Elderberry Syrup, DIY
Submitted by servantheart, Editor-At-Large
½ cup elderberries, dried
1 cinnamon stick
1 TBSP freshly grated ginger
2 cups clean water
1 cup RAW, unfiltered honey
Put all in a saucepan EXCEPT honey. Bring to a boil, then turn it down to simmer. Simmer,
covered, until liquid reduces by one-half (about 20-30 minutes). Strain liquid into a glass
bowl. Squish all the good juice out of berries through sieve/strainer, however. Gently whisk in
your honey. Store in a closed glass jar in the refrigerator for up to two weeks. You can make
this with fresh or frozen berries, but use a full cup of berries, rather than the half cup dried.
This only keeps for a couple of weeks, so make a small batch at a time from your stored
Source: Mountain Rose Herbs: http://www.youtube.com/watch?v=XOYzWyFGkqM
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Used for its antioxidant activity, to lower cholesterol, improve vision, boost the immune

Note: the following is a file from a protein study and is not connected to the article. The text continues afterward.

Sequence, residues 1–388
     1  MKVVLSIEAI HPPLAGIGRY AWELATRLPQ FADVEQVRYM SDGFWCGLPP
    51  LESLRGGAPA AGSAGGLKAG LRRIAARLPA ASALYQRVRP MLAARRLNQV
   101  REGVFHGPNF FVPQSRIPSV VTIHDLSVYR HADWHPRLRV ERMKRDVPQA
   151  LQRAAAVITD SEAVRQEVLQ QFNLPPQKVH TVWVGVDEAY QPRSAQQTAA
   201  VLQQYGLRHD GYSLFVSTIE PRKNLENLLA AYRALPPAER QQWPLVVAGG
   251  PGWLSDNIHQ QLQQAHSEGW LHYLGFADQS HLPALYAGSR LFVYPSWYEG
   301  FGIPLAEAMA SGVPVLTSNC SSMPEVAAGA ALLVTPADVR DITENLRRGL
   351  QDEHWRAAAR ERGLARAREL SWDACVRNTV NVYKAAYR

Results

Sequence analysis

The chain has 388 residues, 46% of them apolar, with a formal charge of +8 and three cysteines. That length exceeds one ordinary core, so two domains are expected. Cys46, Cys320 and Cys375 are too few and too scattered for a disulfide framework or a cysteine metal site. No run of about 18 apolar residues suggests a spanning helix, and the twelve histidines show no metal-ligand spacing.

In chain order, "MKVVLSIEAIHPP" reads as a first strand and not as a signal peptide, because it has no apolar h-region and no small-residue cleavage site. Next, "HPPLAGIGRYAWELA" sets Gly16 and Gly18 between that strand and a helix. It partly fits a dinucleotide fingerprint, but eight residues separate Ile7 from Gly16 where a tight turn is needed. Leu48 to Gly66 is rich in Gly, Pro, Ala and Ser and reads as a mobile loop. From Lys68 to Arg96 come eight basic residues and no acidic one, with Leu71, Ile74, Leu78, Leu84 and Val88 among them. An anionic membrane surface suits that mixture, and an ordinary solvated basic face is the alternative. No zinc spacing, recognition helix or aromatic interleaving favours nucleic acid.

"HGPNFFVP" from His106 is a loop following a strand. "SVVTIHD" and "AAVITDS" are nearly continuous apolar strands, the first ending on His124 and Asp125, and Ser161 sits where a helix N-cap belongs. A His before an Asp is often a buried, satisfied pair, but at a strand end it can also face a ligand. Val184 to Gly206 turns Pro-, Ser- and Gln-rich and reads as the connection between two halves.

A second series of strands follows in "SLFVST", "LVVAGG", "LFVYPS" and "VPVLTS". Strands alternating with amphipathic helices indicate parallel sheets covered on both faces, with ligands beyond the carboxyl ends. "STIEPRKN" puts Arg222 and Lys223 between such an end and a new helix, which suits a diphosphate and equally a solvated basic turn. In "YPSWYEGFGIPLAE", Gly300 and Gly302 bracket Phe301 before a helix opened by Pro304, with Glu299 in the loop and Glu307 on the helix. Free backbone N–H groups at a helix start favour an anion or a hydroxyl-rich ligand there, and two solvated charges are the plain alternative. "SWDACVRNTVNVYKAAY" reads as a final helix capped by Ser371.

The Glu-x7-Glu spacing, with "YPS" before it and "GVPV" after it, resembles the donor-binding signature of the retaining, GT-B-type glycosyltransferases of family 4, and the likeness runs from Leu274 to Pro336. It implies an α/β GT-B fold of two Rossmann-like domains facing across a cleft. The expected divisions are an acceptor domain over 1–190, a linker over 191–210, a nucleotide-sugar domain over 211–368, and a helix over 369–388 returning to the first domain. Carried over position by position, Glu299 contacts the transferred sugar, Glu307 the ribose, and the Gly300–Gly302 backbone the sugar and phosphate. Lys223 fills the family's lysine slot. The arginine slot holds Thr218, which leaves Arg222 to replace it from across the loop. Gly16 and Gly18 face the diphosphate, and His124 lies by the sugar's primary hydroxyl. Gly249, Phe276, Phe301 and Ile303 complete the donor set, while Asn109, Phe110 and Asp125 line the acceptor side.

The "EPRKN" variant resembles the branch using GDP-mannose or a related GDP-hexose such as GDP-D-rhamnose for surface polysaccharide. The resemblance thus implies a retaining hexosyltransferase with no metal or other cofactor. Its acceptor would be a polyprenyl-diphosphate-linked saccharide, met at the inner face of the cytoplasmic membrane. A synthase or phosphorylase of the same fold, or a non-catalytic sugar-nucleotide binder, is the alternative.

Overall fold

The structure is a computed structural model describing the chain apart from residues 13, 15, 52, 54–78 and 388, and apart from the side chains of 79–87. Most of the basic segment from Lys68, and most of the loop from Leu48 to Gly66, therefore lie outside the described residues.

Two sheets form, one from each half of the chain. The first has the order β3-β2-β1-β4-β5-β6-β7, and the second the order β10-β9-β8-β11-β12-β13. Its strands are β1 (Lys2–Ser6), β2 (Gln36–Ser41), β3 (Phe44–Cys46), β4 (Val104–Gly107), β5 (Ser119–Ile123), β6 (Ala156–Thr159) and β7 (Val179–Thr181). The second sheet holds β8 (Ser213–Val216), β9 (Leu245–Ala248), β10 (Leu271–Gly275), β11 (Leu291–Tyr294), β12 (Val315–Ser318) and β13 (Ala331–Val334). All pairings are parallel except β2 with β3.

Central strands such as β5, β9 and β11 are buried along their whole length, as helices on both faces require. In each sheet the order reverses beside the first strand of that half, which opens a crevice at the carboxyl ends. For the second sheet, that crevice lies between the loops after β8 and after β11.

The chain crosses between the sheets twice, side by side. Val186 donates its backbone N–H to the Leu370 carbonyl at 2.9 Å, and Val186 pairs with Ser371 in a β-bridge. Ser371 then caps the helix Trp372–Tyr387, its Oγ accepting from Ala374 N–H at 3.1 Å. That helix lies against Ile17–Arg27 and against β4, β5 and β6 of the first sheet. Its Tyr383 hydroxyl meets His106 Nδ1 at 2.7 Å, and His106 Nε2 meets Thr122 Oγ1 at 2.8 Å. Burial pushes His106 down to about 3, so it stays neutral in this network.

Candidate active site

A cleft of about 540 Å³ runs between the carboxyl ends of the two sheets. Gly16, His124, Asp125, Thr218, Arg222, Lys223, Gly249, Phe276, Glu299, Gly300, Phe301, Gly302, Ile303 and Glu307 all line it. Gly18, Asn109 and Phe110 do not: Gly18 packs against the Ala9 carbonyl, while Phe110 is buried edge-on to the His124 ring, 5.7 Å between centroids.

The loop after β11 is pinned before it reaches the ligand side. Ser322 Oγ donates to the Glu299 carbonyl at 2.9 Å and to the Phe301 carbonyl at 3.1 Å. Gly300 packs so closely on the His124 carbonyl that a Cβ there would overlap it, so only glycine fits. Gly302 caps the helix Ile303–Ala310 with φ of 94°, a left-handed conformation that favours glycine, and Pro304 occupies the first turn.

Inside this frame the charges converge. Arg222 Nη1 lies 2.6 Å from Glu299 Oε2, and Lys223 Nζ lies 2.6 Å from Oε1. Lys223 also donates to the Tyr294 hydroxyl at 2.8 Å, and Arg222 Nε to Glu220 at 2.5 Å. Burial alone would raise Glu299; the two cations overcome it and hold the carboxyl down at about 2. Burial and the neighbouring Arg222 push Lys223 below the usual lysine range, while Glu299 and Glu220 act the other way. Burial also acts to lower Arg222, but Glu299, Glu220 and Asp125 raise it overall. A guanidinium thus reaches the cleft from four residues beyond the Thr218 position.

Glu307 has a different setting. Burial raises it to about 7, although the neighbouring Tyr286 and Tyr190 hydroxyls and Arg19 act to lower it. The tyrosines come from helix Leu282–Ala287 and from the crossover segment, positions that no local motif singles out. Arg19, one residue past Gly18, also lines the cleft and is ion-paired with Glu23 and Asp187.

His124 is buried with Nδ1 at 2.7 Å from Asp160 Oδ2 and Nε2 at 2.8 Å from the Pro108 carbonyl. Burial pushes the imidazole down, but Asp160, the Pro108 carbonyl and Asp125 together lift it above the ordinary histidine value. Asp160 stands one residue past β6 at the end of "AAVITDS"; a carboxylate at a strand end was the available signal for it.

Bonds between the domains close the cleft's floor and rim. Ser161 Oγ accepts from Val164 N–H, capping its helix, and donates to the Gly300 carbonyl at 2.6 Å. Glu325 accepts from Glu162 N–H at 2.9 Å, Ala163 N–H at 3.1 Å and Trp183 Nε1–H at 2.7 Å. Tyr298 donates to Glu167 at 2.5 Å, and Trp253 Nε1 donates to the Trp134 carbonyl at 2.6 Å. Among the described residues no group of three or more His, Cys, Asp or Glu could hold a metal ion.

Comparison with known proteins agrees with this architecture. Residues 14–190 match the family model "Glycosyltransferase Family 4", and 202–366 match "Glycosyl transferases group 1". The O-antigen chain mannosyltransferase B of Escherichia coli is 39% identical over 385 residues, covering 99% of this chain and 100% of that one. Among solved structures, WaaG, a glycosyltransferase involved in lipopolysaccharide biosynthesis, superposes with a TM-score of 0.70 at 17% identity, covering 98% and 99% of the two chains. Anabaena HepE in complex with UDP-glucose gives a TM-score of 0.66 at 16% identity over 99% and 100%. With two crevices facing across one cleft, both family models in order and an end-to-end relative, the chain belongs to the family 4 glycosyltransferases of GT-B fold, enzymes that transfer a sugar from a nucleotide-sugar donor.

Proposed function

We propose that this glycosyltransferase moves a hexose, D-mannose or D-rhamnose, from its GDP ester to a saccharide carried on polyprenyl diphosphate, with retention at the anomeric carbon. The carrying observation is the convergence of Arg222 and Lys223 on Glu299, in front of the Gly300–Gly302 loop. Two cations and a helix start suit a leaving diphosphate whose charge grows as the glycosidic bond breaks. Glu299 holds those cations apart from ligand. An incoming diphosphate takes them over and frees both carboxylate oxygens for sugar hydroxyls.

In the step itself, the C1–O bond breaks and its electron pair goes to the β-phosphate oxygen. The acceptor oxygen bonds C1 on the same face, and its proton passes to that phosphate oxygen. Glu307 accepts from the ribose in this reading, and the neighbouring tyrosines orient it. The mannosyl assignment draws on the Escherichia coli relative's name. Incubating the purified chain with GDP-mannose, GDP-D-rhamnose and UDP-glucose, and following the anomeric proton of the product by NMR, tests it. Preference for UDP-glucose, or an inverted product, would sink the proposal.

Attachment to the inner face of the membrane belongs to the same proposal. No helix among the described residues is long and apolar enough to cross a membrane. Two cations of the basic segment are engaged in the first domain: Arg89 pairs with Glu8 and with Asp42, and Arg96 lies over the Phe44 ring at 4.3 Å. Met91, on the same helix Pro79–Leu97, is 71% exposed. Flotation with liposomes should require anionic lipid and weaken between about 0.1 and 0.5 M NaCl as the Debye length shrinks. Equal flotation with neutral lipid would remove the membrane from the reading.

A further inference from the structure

system, improve heart health and for coughs, colds, flu, bacterial and viral infections and
tonsilitis. Elderberry juice was used to treat a flu epidemic in Panama in 1995.
Elderberries have been a folk remedy for centuries in North America, Europe, Western
Asia, and North Africa, hence the medicinal benefits of elderberries are being investigated
and rediscovered. Elderberry is used for its antioxidant activity, to lower cholesterol, to
improve vision, to boost the immune system, to improve heart health and for coughs,
colds, flu, bacterial and viral infections and tonsilitis. Bioflavonoids and other proteins in the
juice destroy the ability of cold and flu viruses to infect a cell. People with the flu who took
elderberry juice reported less severe symptoms and felt better much faster than those who
did not. Elderberry juice was used to treat a flu epidemic in Panama in 1951
Elderberries contain organic pigments, tannin, amino acids, carotenoids, flavonoids, sugar,
rutin, viburnic acid, vitamin A and B and a large amount of vitamin C. They are also mildly
laxative, a diuretic, and diaphoretic. Flavonoids, including quercetin, are believed to account
for the therapeutic actions of the elderberry flowers and berries. According to test tube
studies2 these flavonoids include anthocyanins that are powerful antioxidants and protect
cells against damage.
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